Syria al-Qaeda arm vows to strike Hezbollah

In an audio message, Nusra Front's chief threatens to strike Lebanon's Shia movement for backing Syria's Assad.

    Syria al-Qaeda arm vows to strike Hezbollah
    Al-Nusra and other extreme groups have targeted Hezbollah's strongholds in Lebanon for its role in the Syrian crisis [AP]

    The head of al-Qaeda's branch in Syria, al-Nusra Front, has warned that the "real battle" in neighbouring Lebanon has yet to begin, indicating that more of the violence gripping Syria will spill across the border.

    In the audio message distributed online on Tuesday night, Abu Mohamed al-Jolani warned that Lebanon's Shia Hezbollah movement would regret its intervention in the Syrian conflict in support of President Bashar al-Assad's regime.

    The threat came a day after Hassan Nasrallah, head of Shia Hezbollah, declared "victory" for his movement against self-declared jihadists in Syria, as tens of thousands of Shia Muslims gathered in Beirut to commemorate Ashoura.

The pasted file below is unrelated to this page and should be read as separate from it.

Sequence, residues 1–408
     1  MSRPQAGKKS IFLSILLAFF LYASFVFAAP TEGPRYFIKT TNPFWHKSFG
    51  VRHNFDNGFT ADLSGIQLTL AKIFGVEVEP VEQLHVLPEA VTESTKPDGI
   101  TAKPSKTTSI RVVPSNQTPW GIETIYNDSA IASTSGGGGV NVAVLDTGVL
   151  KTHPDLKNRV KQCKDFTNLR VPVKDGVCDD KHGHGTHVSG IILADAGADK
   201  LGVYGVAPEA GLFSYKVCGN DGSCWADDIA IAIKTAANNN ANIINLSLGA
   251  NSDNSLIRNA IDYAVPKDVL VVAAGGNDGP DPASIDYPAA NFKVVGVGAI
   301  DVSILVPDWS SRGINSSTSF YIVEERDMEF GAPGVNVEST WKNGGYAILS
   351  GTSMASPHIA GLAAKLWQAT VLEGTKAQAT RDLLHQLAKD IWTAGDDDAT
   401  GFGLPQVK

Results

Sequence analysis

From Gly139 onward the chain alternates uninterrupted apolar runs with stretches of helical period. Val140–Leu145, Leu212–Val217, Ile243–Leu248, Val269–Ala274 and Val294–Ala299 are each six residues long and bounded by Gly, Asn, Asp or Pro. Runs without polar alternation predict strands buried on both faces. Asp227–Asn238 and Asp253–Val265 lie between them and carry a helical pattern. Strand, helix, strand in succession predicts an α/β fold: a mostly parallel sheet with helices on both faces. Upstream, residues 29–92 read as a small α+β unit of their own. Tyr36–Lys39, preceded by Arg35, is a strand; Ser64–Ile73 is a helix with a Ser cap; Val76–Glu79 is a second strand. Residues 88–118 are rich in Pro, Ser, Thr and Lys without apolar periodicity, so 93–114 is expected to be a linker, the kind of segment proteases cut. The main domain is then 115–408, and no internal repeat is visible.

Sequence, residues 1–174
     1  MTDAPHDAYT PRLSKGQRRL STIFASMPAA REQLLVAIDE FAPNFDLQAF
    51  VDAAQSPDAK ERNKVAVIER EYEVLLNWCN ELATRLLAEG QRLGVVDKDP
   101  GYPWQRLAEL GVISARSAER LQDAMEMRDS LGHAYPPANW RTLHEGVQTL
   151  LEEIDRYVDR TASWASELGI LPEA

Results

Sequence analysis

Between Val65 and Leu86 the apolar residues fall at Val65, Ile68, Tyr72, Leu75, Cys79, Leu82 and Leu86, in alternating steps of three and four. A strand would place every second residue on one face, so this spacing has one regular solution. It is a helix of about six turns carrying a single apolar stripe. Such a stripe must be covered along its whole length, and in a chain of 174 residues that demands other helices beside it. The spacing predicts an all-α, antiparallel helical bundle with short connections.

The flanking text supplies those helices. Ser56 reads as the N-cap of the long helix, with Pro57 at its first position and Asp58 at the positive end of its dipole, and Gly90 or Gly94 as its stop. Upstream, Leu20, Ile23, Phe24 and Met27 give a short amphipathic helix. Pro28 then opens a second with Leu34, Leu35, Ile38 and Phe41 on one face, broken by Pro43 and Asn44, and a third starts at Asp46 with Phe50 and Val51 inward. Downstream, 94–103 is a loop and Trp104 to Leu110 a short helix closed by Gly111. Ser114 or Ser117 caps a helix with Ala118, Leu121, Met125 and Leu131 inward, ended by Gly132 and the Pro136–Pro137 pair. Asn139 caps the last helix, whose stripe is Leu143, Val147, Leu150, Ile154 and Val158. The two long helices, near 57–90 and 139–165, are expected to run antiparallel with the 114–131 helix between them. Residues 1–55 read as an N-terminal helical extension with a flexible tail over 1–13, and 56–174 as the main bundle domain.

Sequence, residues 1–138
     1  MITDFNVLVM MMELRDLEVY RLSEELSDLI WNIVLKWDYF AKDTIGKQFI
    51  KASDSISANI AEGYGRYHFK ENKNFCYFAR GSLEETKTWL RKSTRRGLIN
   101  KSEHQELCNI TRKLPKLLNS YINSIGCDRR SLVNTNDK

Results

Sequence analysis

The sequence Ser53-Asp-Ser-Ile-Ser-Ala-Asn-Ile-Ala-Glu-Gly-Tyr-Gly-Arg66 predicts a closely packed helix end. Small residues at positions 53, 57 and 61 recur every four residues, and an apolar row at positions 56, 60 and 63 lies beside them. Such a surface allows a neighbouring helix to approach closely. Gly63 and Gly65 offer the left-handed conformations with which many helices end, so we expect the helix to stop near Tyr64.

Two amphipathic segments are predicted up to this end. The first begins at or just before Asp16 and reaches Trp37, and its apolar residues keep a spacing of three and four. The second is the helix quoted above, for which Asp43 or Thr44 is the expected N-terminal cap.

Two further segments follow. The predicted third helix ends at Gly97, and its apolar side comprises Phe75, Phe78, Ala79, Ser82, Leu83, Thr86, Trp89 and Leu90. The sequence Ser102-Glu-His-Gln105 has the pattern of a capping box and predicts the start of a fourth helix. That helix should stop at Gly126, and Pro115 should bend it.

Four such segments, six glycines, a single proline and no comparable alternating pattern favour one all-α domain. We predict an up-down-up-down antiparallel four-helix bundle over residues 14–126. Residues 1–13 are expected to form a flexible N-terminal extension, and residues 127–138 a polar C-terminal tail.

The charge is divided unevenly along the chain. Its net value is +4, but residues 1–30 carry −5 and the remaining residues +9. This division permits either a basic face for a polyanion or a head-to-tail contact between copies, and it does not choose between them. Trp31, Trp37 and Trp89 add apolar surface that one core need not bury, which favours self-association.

Referring to a mountainous region that runs along the Syria-Lebanon border, Jolani said: "
    Our brothers in Qalamun are hiding plenty of surprises.

    "The real battle in Lebanon has yet to begin," he added, saying Nasrallah would "regret what he has done to Sunnis in Syria."

    Hezbollah's decision to send fighters to bolster Assad's regime has drawn the ire of moderate and radical groups in Syria alike.

    Al-Nusra and other extreme groups have actively targeted the group's strongholds in Lebanon in a series of bomb attacks that have killed dozens.

    Lebanon has seen the conflict next door spill over increasingly, with tensions rising between its Sunni community, which largely backs the Syrian uprising, and Shia who back the Syrian government of Alawite al-Assad.

    In addition to the bomb attacks, armed groups like the Sunni Al-Nusra and the Islamic State in Iraq and Levant have battled Lebanese troops and Hezbollah forces along the border.

    In August, fighters from the two armed groups briefly overran the Lebanese border town of Arsal, and they are still holding 27 Lebanese police and soldiers they took hostage, having executed three of them.

    Nearly 190,000 people have been killed in Syria since the conflict erupted in March 2011.

    SOURCE: Agencies


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